New general manager David Griffin just hired a new coach in David Blatt, who, after three decades overseas, isn’t just new to the Cavs. Blatt is new to the NBA.
Griffin also has some potential trades to contemplate, a few that may or may not involve that No. 1 pick.
And the Cavs can also sign some guy named LeBron James. He played for them once, not long ago. He can opt out of his contract with the Miami Heat on June 30. Such a maneuver would make James an unrestricted free agent, and you know the story from there. He would be free to sign with any team — including the one with which his career began, the one that plays just up the road from his hometown of Akron.
Griffin and the Cavs believe they have a shot at LeBron, and will try to sell him on the idea that, with Kyrie Irving, Dion Waiters and others (including whomever is drafted at No. 1), the Cavs have become a good group for James to lead.
But it all has to start Thursday, at the top of the draft.
Assuming the Cavs keep the pick, they need to determine whether Duke forward Jabari Parker or Kansas swingman Andrew Wiggins is their guy. And whatever they determine, let’s be honest — they’d better not blow it. More accurately, they can’t afford to blow it.
Last year’s No. 1 overall selection, Anthony Bennett has contributed nothing. Part of that can be blamed on injuries, part of it can be blamed on former coach Mike Brown’s tradition of running an offense that can make players look bad. But the bottom line is that Bennett didn’t produce and that the Cavs missed the playoffs yet again.
At some point, that has to change. At some point, the Cavs have to move from a losing culture to the team on the rise everyone expected them to be. They have to start something real, something promising, and they have to start now.
They have to start this summer, with their new GM, new coach and new No. 1 overall pick.
Back to LeBron?
No one can accurately predict what James will do. Had the Heat won another title, it would’ve been a no-brainer for him to stay in Miami, where he has spend the past four seasons. James and high-profile contemporaries Dwyane Wade and Chris Bosh would simply opt in for another year of their current deals.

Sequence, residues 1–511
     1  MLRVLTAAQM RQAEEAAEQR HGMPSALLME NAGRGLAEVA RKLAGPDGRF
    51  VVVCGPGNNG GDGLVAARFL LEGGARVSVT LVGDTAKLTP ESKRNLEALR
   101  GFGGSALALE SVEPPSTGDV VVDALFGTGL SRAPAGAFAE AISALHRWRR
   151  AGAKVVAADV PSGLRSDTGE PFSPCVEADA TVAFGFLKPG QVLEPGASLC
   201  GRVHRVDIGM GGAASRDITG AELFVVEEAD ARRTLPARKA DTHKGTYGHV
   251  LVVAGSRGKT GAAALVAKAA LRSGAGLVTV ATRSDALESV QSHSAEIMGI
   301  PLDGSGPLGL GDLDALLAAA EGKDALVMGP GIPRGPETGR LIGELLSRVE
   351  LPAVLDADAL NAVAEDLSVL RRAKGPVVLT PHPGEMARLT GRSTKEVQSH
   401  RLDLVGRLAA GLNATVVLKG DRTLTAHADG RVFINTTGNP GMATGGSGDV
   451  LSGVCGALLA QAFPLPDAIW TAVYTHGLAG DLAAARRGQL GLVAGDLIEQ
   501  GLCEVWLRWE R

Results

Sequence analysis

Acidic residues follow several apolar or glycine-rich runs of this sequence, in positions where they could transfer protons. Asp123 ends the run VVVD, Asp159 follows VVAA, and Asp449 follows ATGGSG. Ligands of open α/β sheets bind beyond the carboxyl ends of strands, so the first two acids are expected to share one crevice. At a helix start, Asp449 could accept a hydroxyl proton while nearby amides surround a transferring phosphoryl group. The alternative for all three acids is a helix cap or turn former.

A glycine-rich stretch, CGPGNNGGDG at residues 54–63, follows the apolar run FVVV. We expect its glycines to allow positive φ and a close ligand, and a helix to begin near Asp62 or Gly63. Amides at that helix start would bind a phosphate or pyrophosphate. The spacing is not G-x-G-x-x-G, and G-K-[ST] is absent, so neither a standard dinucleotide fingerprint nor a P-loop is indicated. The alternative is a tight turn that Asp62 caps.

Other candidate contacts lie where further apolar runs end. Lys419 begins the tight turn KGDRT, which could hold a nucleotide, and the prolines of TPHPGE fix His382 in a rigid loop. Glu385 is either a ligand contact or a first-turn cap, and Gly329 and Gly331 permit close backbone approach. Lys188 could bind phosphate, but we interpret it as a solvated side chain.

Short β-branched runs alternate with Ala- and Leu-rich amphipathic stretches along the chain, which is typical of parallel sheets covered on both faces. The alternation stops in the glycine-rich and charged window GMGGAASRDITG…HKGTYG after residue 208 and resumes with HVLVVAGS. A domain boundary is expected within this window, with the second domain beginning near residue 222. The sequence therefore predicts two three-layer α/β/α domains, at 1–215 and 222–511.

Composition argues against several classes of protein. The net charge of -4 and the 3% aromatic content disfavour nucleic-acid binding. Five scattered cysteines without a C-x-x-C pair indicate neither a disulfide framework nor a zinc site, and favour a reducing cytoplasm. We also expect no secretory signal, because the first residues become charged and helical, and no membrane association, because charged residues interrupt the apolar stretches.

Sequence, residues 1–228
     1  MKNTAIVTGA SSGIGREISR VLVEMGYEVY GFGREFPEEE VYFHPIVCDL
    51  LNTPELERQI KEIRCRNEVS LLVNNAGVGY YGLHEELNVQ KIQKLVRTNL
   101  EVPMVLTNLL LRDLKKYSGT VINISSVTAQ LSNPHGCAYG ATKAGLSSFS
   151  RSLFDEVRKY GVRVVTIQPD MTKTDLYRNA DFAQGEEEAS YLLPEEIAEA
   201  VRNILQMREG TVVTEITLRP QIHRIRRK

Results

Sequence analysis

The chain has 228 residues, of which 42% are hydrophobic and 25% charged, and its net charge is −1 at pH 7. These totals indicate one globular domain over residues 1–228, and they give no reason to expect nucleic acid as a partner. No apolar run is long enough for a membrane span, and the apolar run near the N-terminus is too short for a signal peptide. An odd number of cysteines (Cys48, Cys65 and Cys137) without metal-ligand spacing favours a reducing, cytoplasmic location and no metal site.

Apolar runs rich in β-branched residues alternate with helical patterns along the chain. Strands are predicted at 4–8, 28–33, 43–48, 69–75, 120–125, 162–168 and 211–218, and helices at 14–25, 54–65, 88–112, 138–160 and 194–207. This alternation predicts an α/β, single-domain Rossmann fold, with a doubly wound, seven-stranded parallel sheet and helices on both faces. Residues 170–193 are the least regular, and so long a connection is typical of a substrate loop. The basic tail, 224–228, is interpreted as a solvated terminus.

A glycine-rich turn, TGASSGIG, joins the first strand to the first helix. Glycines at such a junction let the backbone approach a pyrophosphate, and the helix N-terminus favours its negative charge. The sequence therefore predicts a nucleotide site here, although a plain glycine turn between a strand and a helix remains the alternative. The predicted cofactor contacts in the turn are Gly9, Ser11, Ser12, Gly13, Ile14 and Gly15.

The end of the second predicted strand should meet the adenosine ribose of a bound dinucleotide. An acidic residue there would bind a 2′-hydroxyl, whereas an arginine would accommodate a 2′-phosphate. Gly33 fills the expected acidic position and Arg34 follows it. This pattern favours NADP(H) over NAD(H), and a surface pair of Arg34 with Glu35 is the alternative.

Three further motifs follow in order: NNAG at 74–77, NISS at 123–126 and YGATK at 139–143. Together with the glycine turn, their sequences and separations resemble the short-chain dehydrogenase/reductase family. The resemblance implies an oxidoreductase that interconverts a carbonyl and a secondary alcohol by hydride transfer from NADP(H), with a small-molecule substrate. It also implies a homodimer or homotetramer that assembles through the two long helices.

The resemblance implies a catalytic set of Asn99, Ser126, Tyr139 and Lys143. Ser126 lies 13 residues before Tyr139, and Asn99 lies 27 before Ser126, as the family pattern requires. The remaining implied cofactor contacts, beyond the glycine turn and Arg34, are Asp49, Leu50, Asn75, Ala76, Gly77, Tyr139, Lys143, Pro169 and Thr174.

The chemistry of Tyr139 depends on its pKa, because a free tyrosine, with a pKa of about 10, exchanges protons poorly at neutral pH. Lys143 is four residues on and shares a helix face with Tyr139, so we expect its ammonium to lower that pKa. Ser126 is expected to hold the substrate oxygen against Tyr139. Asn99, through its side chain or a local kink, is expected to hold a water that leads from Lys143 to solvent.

But when you stand at center stage and declare that six or seven championships are on the way — then win two in four years — it may be time to re-think your career path.
Returning to the Heat is certainly a viable option. While their aging, overpriced roster isn’t overly appealing, it has worked. Four straight Finals appearances are indeed quite honorable.
That’s the Heat’s only hope, it seems. They’ve been there and done that.
At the same time, other opportunities surely will be there for James. The Houston Rockets would gladly clear some cap space. The Los Angeles Clippers feel the same.
But the Cavs, of course, already have it. And put LeBron on any team and that team becomes a title contender. LeBron knows that, and likely believes it’s true of even Cleveland.
The Cavs are also likely hoping he is asking himself where he wants to be in four years: With young guns such as Irving or over-the-hill gangs such as just about every other suitor?
Of course, it can safely be said the Cavs aren’t going all in on LeBron. They hired a no-name coach (at least in the U.S.) without running it by James first. They’re building the team, and forming the plan, with him in the back of their minds — as opposed to, again, making him the center of everything.
It is a realistic approach, a wise approach.
Along with James, of course, Irving can be offered, and sign, a max contract extension in July. So yeah, this summer is huge in more ways than one.
And for the Cavs or anyone else, opportunities don’t come along like this every day. Or every decade. And the start of it all is Thursday night, when it’ll be hard to make a mistake at the top of a loaded draft.